# The Splitwise Problem

## Background

Splitwise is an app for keeping track of shared expenses on group trips. You enter all the transactions from the trip, and then the app will tell each person how much they owe each other person in the group.

In addition to being useful, Splitwise also inspires an interesting CS problem, which is: given a list of transactions, how do you efficiently calculate the minimum number of payments that are necessary to settle everyone's debts?

For example, let's say Alice, Bob, and Carol take a day trip. Alice covers breakfast which is $30 total, Bob covers
lunch which is $60, and Alice covers dinner which is $90. This means that Bob and Carol each owe Alice $10 for
breakfast, Alice and Carol each owe Bob $20 for lunch, and Alice and Bob each owe Carol $30 for dinner. However, the
optimal solution is *not* to have each person pay everyone else, for a total of \(6\) payments. Instead,
Alice just needs to pay Carol $30, for a total of \(1\) payment, to settle everyone's debts. To see why, observe
that after Alice pays Carol $30, everyone will be out an equal amount of $60.

This example shows why this problem is tricky - if \(A\) owes \(B\) and \(B\) owes \(C\), it can be optimal to have \(A\) pay \(C\) directly.

I spent some time thinking about this problem. One observation is that the specific transactions don't actually matter, all that matters is each person's net amount, which can be positive or negative. If they are net positive, that means they owe money, and if they are net negative, that means they are owed money. By this convention, in our example above Alice is net $30, Bob is net $0, and Carol is net -$30, which makes it easy to see the optimal solution.

The answer may not always be so obvious though. If we had a group of six people with net values of $130, $150, $20, -$15, -$125, and -$160, it's not immediately clear what the minimum number of necessary payments is.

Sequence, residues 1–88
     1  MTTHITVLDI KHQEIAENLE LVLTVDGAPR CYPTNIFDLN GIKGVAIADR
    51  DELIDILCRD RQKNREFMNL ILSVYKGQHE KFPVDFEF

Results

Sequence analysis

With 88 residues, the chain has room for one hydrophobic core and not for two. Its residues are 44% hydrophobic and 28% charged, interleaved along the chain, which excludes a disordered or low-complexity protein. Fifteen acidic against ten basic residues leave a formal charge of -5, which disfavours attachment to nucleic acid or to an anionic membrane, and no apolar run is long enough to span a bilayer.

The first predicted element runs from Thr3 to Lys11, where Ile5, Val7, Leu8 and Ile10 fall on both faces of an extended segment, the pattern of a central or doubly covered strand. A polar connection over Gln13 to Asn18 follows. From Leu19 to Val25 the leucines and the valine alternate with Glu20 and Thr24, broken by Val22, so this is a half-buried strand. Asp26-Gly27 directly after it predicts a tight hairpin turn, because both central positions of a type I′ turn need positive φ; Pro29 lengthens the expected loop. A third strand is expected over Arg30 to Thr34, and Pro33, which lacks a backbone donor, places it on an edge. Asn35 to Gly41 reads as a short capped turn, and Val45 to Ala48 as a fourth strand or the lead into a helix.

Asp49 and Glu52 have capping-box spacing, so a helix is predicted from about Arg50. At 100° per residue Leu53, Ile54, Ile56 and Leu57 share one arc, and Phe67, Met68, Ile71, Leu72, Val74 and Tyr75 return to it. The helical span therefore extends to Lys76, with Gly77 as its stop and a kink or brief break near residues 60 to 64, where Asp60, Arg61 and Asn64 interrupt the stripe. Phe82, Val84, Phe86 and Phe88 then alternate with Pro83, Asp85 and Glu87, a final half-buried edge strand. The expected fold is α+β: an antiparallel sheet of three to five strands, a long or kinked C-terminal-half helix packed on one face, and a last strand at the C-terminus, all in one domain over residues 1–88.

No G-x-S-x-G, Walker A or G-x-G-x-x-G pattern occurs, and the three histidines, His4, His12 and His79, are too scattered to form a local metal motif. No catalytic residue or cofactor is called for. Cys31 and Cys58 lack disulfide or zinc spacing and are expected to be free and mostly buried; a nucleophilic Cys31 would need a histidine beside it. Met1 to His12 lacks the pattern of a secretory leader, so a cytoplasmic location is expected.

## Formalization of the "Splitwise Problem"

Based on our observation, we can formalize the "Splitwise problem" as follows:

Given a list of \(N\) integers \(x_1 \cdots x_N\) such that \(\sum x = 0\), define an *exchange* operation as
subtracting an integer from the value at one index and adding it to the value at another index. What is the minimum
number of exchange operations that are needed to make all the values zero?

In this formalization, \(N\) represents the number of people in the group, \(x\) represents their net values, and exchanges represent payments.

There's also a *decision* variant of this problem, where instead of finding the minimum number of
exchanges \(M\), we want to determine whether a given number of exchanges \(E\) is achievable. The decision variant
is at most as hard as the original variant, because if we can calculate \(M\), then we can easily determine whether
\(E\) is achievable just by comparing it with \(M\). In the solution below, we will be working with the decision
variant.

## Solution

It turns out, the decision variant of this problem is NP-complete! This means that there is no known polynomial time solution to the problem, and if a polynomial time solution were discovered, that would prove that \(P=NP\). Whether or not \(P=NP\) is one of the biggest unsolved problems in computer science, so trying to find a polynomial time solution to the Splitwise problem in this blog post probably won't be very fruitful. Instead, we'll just prove that the problem is NP-complete.